Chief Executive CY Leung has thrown his support behind three legislators who walked out of a vote on political reform, putting an end to speculation that they would be removed from the city’s policy-making body.

The news comes after lawmakers from the pro-establishment camp walked out of the Legislative Council last Thursday in a last ditch attempt to make a vote on the government’s political reform proposals inquorate.

In the post-mortem of the walkout, observers speculated that three legislative councillors – Regina Ip, Jeffrey Lam and Starry Lee – could be axed or forced to resign as unofficial members of the Leung’s Executive Council for staging the walkout.

ExCo LegCo
Chief Executive CY Leung tells journalists that three legislative councillors who walked out of the political reform vote will not lost their posts on the executive council. Photo: NowTV.

Speaking to journalists at a press conference on Tuesday, Leung said: “These three legislators who also have office in the Executive Council have for a long time supported the HKSAR government, hoping that Hong Kong can have ‘one person, one vote’ for the 2017 chief executive elections.

“Twenty-eight pan-democratic legislators vetoed the bill. No matter how the pro-establishment lawmakers voted, the bill could not be passed.

“There were technical problems during the vote, but I am confident that all pro-establishment lawmakers have for a long time supported the HKSAR government. A minority vetoed the bill.”

Immediately after last week’s shambolic vote, Leung told the press “we need to move on” and announced he would focus on repairing the relationship between the government and the legislature.

From left to right: Jeffrey Lam , Regina Ip and Starry Lee. Photo: LegCo.

Last week’s walk out was led by Jeffrey Lam, the vice chair of the Business and Professionals Alliance for Hong Kong. Lam attempted to buy time by calling on the Legislative Council’s President Tsang Yok-sing to wait for one of their members to make it into the chamber to vote. When Tsang refused, Lam and his pro-establishment colleagues left the chamber.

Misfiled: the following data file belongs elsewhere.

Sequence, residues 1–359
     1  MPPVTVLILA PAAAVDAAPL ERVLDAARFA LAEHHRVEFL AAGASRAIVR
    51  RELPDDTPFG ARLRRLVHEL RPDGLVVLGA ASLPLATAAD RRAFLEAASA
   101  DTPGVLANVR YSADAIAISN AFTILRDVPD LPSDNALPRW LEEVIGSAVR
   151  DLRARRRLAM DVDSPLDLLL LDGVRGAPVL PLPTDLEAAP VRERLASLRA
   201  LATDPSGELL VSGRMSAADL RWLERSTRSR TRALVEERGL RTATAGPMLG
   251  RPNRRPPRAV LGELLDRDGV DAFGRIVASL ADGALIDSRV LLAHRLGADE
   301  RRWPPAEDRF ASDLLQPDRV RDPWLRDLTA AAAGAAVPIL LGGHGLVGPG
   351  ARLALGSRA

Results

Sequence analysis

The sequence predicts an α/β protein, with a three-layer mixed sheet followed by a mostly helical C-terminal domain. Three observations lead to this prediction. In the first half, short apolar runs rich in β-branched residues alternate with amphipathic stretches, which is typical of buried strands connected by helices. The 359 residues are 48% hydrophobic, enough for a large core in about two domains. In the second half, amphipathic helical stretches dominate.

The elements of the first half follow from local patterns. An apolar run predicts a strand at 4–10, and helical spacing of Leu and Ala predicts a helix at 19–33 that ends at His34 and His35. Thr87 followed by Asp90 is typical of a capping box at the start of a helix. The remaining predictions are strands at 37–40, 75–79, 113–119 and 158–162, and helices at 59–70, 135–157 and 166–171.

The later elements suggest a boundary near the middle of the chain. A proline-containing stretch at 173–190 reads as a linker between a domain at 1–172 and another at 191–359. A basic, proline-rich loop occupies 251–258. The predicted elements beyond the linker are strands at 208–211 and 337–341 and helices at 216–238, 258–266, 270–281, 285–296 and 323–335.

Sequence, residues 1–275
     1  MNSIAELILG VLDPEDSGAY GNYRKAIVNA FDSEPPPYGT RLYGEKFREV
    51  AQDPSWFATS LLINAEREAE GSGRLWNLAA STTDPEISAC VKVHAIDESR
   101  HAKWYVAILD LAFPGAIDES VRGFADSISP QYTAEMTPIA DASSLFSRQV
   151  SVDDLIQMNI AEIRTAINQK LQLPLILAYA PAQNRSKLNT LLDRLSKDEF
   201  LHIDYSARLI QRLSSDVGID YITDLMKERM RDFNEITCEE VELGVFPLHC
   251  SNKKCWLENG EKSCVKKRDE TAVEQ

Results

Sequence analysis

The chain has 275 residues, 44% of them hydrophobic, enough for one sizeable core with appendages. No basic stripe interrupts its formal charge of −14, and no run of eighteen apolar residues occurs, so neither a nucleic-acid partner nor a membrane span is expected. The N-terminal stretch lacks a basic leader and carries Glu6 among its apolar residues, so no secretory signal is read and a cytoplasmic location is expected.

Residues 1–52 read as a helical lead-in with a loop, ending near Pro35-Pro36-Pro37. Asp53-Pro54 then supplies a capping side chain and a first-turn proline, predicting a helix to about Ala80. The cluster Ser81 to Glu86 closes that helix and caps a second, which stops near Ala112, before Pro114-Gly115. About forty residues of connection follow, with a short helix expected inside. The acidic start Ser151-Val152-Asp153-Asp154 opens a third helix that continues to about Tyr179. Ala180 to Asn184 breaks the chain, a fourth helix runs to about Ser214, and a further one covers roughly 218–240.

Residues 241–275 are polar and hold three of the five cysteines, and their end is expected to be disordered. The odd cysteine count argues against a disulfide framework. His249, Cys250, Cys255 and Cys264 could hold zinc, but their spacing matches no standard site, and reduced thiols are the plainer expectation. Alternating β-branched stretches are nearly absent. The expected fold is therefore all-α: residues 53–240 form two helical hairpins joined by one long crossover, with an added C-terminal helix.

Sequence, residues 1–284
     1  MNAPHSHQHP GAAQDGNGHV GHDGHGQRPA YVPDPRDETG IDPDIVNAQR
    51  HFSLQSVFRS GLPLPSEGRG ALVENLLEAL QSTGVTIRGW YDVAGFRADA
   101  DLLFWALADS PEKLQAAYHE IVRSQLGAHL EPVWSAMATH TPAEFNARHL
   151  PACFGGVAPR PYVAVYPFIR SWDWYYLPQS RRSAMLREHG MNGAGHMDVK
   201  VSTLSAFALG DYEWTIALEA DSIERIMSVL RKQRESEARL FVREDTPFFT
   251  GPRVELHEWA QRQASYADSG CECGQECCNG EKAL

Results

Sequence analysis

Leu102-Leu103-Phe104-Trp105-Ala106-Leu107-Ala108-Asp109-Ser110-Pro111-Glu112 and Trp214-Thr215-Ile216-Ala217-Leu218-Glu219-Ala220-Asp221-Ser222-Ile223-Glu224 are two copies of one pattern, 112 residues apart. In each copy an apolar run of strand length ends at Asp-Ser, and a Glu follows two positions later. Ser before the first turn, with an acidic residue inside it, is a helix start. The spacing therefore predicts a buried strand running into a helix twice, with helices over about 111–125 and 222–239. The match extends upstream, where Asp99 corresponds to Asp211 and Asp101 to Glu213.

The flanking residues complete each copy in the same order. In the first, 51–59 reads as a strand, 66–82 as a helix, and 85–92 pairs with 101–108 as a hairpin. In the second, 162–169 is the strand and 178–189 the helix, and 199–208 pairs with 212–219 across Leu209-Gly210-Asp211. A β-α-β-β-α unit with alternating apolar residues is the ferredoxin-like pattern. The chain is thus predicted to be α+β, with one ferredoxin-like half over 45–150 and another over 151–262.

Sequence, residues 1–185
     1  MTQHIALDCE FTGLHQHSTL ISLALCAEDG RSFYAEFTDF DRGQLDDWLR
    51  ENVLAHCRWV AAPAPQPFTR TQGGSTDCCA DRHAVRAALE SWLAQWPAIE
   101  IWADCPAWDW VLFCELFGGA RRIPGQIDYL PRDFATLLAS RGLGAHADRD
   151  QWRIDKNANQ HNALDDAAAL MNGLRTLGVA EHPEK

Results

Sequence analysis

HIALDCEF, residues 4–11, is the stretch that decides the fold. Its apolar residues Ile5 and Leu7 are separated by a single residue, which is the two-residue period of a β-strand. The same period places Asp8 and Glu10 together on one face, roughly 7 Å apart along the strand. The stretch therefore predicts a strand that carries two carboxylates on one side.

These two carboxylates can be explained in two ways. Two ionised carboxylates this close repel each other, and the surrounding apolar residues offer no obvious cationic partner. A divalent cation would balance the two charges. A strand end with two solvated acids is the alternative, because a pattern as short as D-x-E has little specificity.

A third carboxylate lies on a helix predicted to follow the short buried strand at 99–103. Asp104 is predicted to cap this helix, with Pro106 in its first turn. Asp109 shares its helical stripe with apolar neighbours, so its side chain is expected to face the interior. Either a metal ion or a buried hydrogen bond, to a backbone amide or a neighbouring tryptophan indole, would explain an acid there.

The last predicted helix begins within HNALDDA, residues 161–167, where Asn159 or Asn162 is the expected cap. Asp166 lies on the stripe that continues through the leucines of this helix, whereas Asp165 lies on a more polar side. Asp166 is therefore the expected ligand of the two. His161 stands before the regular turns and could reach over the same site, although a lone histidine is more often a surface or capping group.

Last week Ip, the chair of the New People’s Power party, burst into tears live on air, saying she didn’t know if there would be another opportunity to allow Hong Kongers to directly elect their chief executive.

Starry Lee is the chair of the Democratic Alliance for the Betterment and Progress of Hong Kong who said she felt Leung would understand the blunder. On Monday, Lee’s colleague Tam Yiu-chung said the party was given instructions from a top Central Government Official to make sure “no vote left behind”.

The Executive Council is comprised of both official members, drawn from the heads of all government departments, and non-official members, who are appointed by the chief executive. Its members are required by convention to publicly support official policy.

All three legislators have been non-official ExCo members since 2012.

Additional Reporting: Eric Cheung.

Vicky is a British-born Chinese journalist with three years of experience covering UK politics. She previously worked for PoliticsHome and has interned at Sky News and CNN International. She also co-produced and filmed a documentary about the Hong Kong protests for MSNBC, which won the grand student prize at the 2015 Human Rights Press Awards. She has a BA in Politics and International Relations from the University of Reading and moved to Hong Kong in 2014 to complete a journalism masters at the University of Hong Kong.